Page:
She writes about a dream she had where her teacher, Lee Strasberg, cuts her open ‘and there is absolutely nothing there…. devoid of every human living feeling thing — the only thing that came out was so finely cut sawdust—like out of a raggedy ann doll.’

Monroe’s debilitating insecurity and complete lack of confidence left her entirely at the mercy of external opinions from husbands and co-stars. A member of the latter group, Don Murray, highlighted this paradox when he said, “For somebody who the camera loved, she was still terrified of going before the camera and broke out in a rash all over her body.”. 

He was right about the camera loving her, there’s absolutely no trace of insecurity in Marilyn Monroe, the persona that Norma Jean referred to in the third person, and could turn into at the drop of a hat. Marilyn Monroe was a vessel for Norma Jean’s own talent, a vessel she would often critique in the third person – “She wouldn’t do this. Marilyn would say that.”.

Marilyn Monroe was as much a part of Norma Jean, as Norma Jean was a part of Marilyn. Amy Greene’s anecdote about Marilyn “becoming” the larger than life force that persists to this day attributed the Marilyn effect to an inner force from within the woman herself. It wasn’t just about the clothes she wore but how she projected herself in them that would transform her into a timeless icon.

The image of Marilyn Monroe that persists today should be more than the one-dimensional figure of tragic fame. Her magnetism on-screen is a testament to the talent and skill that she never could recognize in herself, and the work she was able to produce despite her personal troubles leaves room to imagine how much she was capable of achieving if she had more faith in herself.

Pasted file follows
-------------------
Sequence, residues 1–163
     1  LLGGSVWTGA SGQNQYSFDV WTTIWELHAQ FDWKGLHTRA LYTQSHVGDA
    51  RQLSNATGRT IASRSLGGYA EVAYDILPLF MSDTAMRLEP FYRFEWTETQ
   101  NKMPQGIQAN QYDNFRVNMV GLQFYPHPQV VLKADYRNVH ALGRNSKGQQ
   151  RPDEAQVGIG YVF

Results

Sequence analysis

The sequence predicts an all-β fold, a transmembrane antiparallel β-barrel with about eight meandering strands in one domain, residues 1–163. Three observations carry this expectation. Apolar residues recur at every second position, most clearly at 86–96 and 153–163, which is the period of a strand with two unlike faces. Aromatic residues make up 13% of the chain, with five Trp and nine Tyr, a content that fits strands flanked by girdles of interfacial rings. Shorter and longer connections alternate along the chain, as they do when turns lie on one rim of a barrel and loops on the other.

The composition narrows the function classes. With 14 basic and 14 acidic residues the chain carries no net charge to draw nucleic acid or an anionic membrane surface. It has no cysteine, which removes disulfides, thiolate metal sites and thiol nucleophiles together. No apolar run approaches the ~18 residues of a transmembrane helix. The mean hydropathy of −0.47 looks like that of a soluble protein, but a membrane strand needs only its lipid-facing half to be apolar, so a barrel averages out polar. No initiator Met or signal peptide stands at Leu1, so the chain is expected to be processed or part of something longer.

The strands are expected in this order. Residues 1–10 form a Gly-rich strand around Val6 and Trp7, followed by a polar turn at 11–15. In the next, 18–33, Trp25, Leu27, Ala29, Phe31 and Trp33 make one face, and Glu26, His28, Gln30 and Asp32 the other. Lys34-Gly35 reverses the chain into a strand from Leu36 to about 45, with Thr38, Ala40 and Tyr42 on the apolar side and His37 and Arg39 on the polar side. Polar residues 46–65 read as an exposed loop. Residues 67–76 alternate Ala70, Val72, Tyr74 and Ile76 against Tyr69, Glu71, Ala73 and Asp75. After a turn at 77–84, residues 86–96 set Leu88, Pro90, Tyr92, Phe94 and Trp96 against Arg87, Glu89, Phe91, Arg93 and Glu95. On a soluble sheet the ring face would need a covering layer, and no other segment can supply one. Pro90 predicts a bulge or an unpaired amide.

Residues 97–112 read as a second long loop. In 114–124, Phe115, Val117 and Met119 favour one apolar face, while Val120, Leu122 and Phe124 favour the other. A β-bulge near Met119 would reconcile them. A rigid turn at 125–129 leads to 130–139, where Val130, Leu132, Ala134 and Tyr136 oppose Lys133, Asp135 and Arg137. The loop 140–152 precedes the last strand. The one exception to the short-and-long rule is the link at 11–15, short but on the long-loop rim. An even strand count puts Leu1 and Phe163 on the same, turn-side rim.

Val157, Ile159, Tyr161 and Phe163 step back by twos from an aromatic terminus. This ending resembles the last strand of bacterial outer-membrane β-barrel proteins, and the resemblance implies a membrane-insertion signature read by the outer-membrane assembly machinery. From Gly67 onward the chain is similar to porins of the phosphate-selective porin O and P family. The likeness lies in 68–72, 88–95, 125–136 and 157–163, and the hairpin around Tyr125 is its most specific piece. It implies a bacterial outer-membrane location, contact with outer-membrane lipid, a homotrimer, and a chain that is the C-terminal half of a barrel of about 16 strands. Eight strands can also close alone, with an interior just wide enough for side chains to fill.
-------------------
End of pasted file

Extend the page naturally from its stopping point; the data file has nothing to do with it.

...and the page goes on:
Marilyn is a reminder of the transformative effects of confidence, and how much this one quality can alter our perceptions. Norma Jean felt she needed to become Marilyn Monroe to have the impact that she did, but would she still be the icon she is today if she hadn’t projected that particular persona, or that particular shield? 

Whether you think of Marilyn Monroe dripping in diamonds, performing the opening number from Gentlemen Prefer Blondes in red sequins, photographed on the beach in her final days, or as a writer who revealed her true self on the page, she wasn’t just a bundle of insecurities in beautiful clothes – she possessed all of the skill, talent, and depth she never thought herself capable of. 

Monroe is a fashion icon whose influence has inexplicably grown to make her a historical figure characterised by glamour and confidence. By sticking to this narrative, we reduce her legacy by only sharing the fragments of her story that were seen on camera. Her reality is a harsh indicator of how blinding insecurity can be, and her lasting legacy is a mark of the achievements she barely acknowledged.  

It is difficult enough to simply exist, let alone occupy the status of an icon, when you are your own worst enemy – and yet, the narrative that persists of Marilyn Monroe’s time in the spotlight might be her best performance of all.